Although today's technology-driven era has made information sharing and data access very efficient, it has brought forth a new set of challenges. One of the primary challenges businesses face is the rising threat to data security. However, the threat to business data does not always come from external actors.
Worryingly, the greatest threat to business-critical data comes from human elements inside an organization. Since data is the lifeline of most businesses in this digital environment, any compromise can jeopardize operations and bring them to a sudden halt. To avoid this, organizations need to be aware of the threats posed by insiders and implement necessary measures to prevent them.
In this blog, we’ll discuss the cybersecurity risks businesses face from insider threats and how you can mitigate them.
Actors and motivations behind insider threats
There are two main types of actors behind all insider threat incidents — negligent insiders who unwittingly act as pawns to external threats and malicious insiders who become turncloaks for financial gain or revenge.
Negligent insiders – These are your regular employees who do their jobs but occasionally fall victim to a scam orchestrated by a cybercriminal. These actors do not have any bad intentions against your company. However, they are still dangerous since they are involved in a large proportion of all insider threat incidents.
Negligent insiders contribute to data security breaches by:
Clicking on phishing links sent by untrusted sources
Downloading attachments sent from suspicious sources
Browsing malicious or illegitimate websites using work computers
Using weak passwords for their devices
Sending misdirected emails to unintended recipients
Malicious insiders – These are disgruntled employees who wreak havoc on your data security for financial gain or revenge. Disgruntled employees can manipulate the company’s tools, applications or systems, and while financial gain is the top reason behind most malicious insider actions, it isn’t always the case. Despite being rare in occurrence, these threats often have much more severe consequences since the actors have full access and credentials to compromise your security.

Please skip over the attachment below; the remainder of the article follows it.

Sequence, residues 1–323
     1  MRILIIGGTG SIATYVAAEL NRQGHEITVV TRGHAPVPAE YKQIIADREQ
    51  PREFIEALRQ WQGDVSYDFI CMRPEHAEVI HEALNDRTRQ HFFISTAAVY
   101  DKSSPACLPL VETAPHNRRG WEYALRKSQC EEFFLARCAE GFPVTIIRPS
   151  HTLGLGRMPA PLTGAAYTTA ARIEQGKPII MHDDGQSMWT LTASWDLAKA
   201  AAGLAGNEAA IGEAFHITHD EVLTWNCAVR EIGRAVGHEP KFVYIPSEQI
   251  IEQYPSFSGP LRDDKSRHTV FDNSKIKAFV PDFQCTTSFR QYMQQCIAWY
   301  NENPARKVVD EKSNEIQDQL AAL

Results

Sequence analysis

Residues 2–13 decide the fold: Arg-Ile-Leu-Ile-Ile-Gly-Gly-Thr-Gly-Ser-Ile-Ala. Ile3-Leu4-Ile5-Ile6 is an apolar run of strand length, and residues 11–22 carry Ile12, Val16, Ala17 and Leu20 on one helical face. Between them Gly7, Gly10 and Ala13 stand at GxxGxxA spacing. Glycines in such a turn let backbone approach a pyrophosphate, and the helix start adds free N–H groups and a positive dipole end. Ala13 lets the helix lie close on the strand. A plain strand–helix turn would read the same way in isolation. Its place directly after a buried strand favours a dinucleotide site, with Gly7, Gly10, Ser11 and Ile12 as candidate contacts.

Best ways to prevent insider threats and protect data
When a business falls victim to a data security breach, it faces more than just financial repercussions. The organization’s reputation, competitive advantage and intellectual property often suffer following an insider threat incident. Additionally, there are regulations that impose hefty fines on businesses for allowing such a breach to occur. Therefore, you must be proactive when it comes to combating insider threats.
Detecting insider threats
Certain factors can help you identify insider threats before you experience a full-blown breach:
Human behavior: A potential insider with malicious intent against an organization will often exhibit abnormal behavior. For instance, an employee trying to access privileged information and frequently working unusual hours could be red flags to monitor.
Digital signs: Before a major breach due to insider threats, you may witness abnormal digital signs like downloading a substantial amount of data, high bandwidth consumption, traffic from unknown sources or unauthorized use of personal storage devices.
Defense strategies against insider threats
There are a few strategies that you can implement throughout your organization to minimize the possibility of insider threats.
Insider threat defense plan: First, you must define what constitutes abnormal behavior in your employees and set up alerts for digital signs in your IT environment. Most importantly, you need to limit access to critical data to only those whose job function requires it, and you must provide unique credentials for them.
Data backup: Backups are essential to protect your data in case of an unavoidable loss. With regular backups for your critical data, your business can get back up and running after a security breach involving an insider. Before you back up your data, you should classify the data worth protecting and create a strategy accordingly.
Employee training: When properly trained, employees could be your first line of defense against various cyberthreats. Create an organizational-level best practices policy that outlines clear instructions on personal device policies, passwords, remote working, etc.
Reach out to us to protect your critical data
As the cost of insider threats is expected to rise over the years, having a trusted partner by your side to protect your data can go a long way towards securing your business.
With our years of expertise in data security and storage, we can help you incorporate innovative strategies to protect your company. Give us a call today!